Given the recent sync context, in which the gold and silver keys of the pope figure prominently, it was the gold key that caught my eye:
It's only one key, not the two demanded by our theme, but I think it still fits. According to the Vatican website, this is what the two keys mean:
The gold one, on the right, alludes to the power in the kingdom of the heavens, the silver one, on the left, indicates the spiritual authority of the papacy on earth.
On the calendar, what's inside the chest the gold key opened? A mountain and the sky -- heaven and earth. It is the papal key-to-heaven and key-to-earth combined into a single object.
Regular readers will know that I've often posted here about a particular sort of reading error, in which adjacent lines of text contaminate one another, resulting in a misreading. Just now I was scrolling through blog comments to see if there was anything new, and I misread this one from William Wright:
It's very strange that I should have misread this, since it's a comment I had already read and replied to, and I knew what it said, Nevertheless, this time around my brain momentarily misread green man's as green mantis -- the interpolated letters presumably being contributed by the tiara on the line above. The prior probability of a mantis, rather than a man, being green may also have played a role. Of course the error was corrected almost instantaneously, lasting just long enough for me to consciously notice it.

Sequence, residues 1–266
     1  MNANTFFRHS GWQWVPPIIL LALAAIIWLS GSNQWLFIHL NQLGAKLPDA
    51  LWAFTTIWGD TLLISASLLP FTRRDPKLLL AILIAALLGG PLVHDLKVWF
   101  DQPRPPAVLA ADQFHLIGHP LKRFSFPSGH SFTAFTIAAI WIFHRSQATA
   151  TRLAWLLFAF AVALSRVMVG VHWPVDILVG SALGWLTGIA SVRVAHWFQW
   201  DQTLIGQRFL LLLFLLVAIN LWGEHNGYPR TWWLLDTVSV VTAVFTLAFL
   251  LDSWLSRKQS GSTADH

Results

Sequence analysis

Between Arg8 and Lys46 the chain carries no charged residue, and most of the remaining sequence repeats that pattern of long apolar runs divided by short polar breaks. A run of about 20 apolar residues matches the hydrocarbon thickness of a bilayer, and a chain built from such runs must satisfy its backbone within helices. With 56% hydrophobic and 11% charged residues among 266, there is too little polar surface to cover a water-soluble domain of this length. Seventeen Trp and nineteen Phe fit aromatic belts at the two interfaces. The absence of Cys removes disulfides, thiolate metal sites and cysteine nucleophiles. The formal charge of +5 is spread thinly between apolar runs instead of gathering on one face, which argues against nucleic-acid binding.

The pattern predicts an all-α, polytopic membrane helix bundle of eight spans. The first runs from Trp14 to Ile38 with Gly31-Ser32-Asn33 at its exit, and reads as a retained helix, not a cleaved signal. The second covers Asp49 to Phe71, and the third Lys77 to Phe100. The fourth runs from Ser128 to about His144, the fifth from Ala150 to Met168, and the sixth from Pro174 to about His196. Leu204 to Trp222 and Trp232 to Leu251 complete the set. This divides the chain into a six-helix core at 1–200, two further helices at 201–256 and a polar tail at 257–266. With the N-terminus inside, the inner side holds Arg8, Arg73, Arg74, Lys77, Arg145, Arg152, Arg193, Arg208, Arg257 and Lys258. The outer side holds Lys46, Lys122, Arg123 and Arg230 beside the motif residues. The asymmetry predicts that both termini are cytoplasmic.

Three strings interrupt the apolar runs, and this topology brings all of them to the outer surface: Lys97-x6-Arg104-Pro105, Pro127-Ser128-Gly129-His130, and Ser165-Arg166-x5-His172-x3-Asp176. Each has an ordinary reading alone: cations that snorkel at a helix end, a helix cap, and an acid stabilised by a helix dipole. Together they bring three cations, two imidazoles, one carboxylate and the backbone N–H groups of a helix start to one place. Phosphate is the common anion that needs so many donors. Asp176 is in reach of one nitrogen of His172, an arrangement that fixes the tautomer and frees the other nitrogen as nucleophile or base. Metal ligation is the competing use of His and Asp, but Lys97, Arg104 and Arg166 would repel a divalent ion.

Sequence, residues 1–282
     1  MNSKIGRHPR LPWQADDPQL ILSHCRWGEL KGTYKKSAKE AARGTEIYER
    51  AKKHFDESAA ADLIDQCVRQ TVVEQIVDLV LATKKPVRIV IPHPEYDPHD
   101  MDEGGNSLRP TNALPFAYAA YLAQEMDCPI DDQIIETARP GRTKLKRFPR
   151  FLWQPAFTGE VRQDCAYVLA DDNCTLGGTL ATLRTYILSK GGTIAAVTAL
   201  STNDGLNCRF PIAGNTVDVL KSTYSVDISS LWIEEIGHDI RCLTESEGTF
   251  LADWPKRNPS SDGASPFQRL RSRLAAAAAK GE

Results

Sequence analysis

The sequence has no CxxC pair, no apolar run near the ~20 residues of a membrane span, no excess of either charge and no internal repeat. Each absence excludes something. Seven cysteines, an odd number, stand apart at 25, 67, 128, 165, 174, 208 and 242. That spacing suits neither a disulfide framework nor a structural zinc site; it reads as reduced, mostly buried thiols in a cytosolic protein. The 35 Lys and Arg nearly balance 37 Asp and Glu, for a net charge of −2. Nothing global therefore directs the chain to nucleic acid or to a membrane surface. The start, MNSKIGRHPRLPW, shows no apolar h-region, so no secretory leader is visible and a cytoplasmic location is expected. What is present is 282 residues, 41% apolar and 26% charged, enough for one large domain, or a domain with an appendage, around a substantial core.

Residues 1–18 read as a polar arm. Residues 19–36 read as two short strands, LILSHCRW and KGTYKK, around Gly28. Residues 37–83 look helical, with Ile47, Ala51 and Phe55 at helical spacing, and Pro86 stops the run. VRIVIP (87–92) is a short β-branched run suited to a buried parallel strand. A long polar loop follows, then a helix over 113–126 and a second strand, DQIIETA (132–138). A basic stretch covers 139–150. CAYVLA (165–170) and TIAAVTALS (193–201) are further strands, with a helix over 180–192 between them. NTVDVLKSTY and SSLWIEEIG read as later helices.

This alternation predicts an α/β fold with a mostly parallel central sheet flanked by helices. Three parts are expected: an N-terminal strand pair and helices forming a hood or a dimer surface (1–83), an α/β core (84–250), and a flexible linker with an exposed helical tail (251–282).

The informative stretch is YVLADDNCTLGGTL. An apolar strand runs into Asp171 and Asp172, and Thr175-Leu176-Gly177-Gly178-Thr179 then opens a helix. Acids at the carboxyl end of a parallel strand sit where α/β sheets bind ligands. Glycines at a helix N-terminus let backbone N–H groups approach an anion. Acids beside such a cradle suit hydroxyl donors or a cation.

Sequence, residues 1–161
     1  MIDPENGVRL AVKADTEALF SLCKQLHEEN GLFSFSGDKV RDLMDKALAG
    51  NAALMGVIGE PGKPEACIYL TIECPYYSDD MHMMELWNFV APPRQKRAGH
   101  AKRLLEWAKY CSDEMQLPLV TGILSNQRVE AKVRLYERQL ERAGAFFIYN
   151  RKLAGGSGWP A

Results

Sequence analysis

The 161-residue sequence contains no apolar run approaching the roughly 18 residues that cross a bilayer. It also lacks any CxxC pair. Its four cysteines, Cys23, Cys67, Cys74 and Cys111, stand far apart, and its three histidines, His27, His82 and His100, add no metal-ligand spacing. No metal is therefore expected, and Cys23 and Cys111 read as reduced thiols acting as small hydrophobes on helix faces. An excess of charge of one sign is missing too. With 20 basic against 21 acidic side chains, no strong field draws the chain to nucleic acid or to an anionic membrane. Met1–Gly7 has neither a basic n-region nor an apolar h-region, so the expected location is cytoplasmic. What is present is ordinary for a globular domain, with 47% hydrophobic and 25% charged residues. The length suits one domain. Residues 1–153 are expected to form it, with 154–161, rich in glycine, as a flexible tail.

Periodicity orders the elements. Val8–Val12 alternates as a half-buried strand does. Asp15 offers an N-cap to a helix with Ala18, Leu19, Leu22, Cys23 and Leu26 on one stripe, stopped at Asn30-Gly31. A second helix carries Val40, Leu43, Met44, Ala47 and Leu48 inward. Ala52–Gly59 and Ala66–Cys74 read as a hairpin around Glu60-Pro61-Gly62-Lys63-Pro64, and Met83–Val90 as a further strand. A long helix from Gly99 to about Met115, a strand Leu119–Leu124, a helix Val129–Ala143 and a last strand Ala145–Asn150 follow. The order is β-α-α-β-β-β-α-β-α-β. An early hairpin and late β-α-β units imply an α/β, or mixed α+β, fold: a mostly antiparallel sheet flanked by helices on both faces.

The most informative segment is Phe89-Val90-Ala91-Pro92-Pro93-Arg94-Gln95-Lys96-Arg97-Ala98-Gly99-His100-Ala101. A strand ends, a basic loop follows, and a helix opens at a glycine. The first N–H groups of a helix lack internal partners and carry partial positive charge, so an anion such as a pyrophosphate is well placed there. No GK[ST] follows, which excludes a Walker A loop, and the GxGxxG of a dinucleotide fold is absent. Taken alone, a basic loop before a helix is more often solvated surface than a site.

Seeing -- or hallucinating -- a mantis in connection with Roman Catholic clerical headgear made me think of M. C. Escher's well-known woodcut Dream (Mantis religiosa), which depicts an enormous praying mantis on the chest of a dead or sleeping mitered bishop.
When I was trying to find an image of that woodcut to include here, though, one of the search results caught my eye:
Wait, does that Latin inscription say what I think it does?
Yes, it's a piece called Inside Saint Peter's, Rome, and the inscription is from Matthew 16:19: "I will give [unto thee] the keys of the kingdom of heaven." Jesus is speaking to Peter, considered by Catholics to be the first pope, and it is this very verse that is the source of the crossed keys as a papal symbol.
I found this, remember, by searching for a picture of a praying mantis.
Incidentally, that comment from William Wright occasioned a minor sync with my recent reading of the Psalms. Since I mentioned a couple of Psalms syncs in "Escaping the Demiurge's Reality Temple," I might as well make a note of this one as well. Mr. Wright thought that the green man(tis)'s tiara was "a golden beehive." Psalm 19 -- the same psalm featured in the "Reality Temple" post -- includes this verse:
More to be desired are they than gold, yea, than much fine gold: sweeter also than honey and the honeycomb (Ps. 19:10).